Until the fourth minute of five added-on, this appeared as though it would be yet another occasion when Manchester United had no answer to the disciplined, well-drilled defensive play of Wolverhampton Wanderers. Last season’s four meetings produced just three goals. Given that, what chance of a winner?
Thankfully for United, Marcus Rashford has developed a knack for stepping up to deliver in times of need and found a late goal to pick up what could be an important three points. His stoppage time strike, which was aided by a heavy deflection off the unfortunate Romain Saiss, lifted Ole Gunnar Solskjaer’s side second and just two points behind leaders Liverpool.
It was a goal that never looked likely to arrive. If the Premier League’s spike in Covid cases means that the condensed schedule is in need of trimming down a touch, we could start with this fixture.
Wolves are almost perfectly equipped to deal with United’s modus operandi – speed on the break. Nuno Espirito Santo’s side offer next to no space in behind. There were as many as eight or nine amber shirts in the penalty area any time United were in range, resulting in just three shots on target for Solskjaer’s men. Rashford made that third and final one count.
Before that, the best chance of all had fallen to Bruno Fernandes towards the end of the first half, but his close-range volley was saved by Rui Patricio. It appeared as though this would be a rare game where United’s Portuguese talisman would go without either a goal or assist but it was his raking long ball to Rashford which set up the winner.
Wolves had their opportunities. David de Gea looked back to his superlative best when required to brilliantly deny Romain Saiss and Adama Traoré’s ability on the dribble was a constant menace. But Nuno’s side never looked likely to take more than a point, such is their methodical, conservative style, and they ended with nothing to show for their courageous defensive efforts.
Prior to Rashford’s goal, United’s best chance came from a wicked Mason Greenwood from the right wing to the far post. Greenwood’s all-round play outside of his preternatural finishing requires work. This cross - delivered with a wicked bend after stepping inside Rayan Ait-Nouri - is something Solskjaer will want to see more often.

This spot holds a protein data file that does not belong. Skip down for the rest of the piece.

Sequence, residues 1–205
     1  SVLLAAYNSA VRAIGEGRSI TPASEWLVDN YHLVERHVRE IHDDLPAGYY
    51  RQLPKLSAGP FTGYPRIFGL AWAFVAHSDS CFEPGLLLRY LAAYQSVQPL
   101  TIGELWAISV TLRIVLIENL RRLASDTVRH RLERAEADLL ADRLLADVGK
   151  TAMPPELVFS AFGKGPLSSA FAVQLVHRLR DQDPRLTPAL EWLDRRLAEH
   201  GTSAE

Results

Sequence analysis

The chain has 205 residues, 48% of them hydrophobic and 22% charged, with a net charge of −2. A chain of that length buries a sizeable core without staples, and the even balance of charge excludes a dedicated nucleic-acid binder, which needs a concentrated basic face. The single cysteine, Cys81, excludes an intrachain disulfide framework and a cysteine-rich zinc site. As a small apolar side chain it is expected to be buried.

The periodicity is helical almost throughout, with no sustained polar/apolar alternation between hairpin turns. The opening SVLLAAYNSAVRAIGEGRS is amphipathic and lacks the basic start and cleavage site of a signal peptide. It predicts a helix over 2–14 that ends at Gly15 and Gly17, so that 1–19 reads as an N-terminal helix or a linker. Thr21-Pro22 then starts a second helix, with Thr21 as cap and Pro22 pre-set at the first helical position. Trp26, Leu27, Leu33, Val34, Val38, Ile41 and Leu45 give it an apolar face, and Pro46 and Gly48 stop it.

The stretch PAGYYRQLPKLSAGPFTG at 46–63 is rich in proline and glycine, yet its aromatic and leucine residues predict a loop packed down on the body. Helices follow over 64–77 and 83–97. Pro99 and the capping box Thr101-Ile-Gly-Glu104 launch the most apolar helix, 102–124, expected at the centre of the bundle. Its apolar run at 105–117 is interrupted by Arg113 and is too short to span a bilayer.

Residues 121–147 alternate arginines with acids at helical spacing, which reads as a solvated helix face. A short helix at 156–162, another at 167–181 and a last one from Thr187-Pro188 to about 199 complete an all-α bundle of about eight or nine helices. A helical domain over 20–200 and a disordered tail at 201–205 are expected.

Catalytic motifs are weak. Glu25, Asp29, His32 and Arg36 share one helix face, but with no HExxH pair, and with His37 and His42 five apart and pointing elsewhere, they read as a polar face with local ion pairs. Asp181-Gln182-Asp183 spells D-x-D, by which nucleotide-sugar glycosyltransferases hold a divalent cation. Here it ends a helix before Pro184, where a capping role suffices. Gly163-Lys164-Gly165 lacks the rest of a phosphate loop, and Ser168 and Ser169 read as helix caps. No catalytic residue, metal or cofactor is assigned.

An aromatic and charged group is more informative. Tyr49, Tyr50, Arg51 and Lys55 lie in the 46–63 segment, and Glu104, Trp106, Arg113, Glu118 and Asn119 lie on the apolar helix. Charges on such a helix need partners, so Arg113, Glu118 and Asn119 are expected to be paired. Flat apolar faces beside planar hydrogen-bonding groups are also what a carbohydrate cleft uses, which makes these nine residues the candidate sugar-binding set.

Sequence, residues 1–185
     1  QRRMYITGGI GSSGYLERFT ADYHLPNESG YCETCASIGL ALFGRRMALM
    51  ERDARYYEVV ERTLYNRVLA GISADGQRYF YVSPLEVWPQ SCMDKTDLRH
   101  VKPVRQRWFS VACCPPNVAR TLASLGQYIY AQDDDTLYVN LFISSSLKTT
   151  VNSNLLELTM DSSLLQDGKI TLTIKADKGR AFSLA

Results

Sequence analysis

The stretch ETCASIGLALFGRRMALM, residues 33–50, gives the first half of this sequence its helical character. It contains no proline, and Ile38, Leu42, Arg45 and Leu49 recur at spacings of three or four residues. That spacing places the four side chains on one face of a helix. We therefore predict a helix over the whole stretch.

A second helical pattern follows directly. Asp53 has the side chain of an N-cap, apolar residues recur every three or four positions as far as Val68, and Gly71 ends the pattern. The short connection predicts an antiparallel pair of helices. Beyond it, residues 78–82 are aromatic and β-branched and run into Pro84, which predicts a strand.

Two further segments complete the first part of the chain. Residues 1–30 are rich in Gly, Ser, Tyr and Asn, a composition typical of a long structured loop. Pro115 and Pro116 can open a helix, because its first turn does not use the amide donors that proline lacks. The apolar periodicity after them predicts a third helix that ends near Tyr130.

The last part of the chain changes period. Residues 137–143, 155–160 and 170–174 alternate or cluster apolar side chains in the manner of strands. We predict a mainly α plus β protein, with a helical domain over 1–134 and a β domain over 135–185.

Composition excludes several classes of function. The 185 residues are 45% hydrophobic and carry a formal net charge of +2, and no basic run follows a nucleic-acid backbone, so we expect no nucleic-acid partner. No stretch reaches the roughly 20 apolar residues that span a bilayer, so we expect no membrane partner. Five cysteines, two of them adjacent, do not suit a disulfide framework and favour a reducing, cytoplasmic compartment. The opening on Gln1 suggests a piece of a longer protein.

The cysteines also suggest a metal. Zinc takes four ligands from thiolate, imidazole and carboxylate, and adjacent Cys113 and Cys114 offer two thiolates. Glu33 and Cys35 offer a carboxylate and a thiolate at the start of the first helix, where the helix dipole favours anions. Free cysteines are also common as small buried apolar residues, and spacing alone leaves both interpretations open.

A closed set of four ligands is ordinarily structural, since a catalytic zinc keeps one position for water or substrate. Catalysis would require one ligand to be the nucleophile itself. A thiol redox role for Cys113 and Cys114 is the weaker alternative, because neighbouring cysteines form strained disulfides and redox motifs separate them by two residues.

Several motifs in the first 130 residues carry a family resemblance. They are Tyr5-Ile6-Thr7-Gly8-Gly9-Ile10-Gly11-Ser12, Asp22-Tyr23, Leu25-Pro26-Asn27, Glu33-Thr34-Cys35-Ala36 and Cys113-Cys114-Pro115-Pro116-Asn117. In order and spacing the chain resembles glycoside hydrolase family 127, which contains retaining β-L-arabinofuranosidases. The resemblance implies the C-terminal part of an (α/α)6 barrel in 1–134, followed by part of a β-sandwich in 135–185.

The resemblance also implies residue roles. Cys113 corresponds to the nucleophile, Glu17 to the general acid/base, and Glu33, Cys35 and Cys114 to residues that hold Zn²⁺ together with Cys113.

Fernandes misjudged it slightly, running a yard or so in front of the ball, which forced him into a tamer finish on the volley than he would have liked. It was from point-blank range but right at goalkeeper Rui Patricio, who beat the ball away, and Edinson Cavani failed to connect properly with the rebound.
Other than that one moment, Wolves were comfortable playing in their deep, compact shape and threatening from counter-attacks and set-pieces. David de Gea was kept alert by early speculative efforts from Pedro Neto, Vitinha and Ruben Neves but had to make a spectacular and instinctive save to block Saiss’ near-post flick from a Neto free-kick. United’s substitutes roared and applauded.
Wolves knew that their best opportunities would come if they could set Adama Traoré loose, away from the attention of United’s centre-halves. One quick break on the cusp of half time, sparked by a crunching Joao Moutinho tackle on Fernandes, gave Neto the opportunity to do exactly that but his telegraphed pass was cut out by Eric Bailly.
If the first half was relatively low on incident, the second was quieter still. Cavani briefly thought he had found a breakthrough. taking advantage of Wolves’ inability to clear a corner and finishing from close range, but he was correctly flagged offside. Solskjaer appealed from the touchline as the ball had appeared to strike Conor Coady’s hand on its way through to Cavani but VAR did not intervene.
Paul Pogba, back in the starting line-up, stung Patricio’s palms from range with a low, hard shot that was otherwise destined for the bottom right-hand corner. Not long after, a neat Pogba pass found Anthony Martial in a rare spot of space in the final third but his effort was skied. Try as they might, United simply could not find the room they required between Wolves’ well-drilled defence.
As the final whistle neared, Rashford appeared to be going nowhere when chasing Fernandes’ long pass out to the right-hand edge of the penalty area but took advantage of Max Kilman’s momentary hesitation to collect the ball. After standing up Ait-Nouri, he cut onto his left foot and shaped for the far corner. The deflection off Saiss took his shot to the near post instead, wrong-footing Patricio, undoing all Wolves’ hard work and giving United a major result.
Join our new commenting forum
Join thought-provoking conversations, follow other Independent readers and see their replies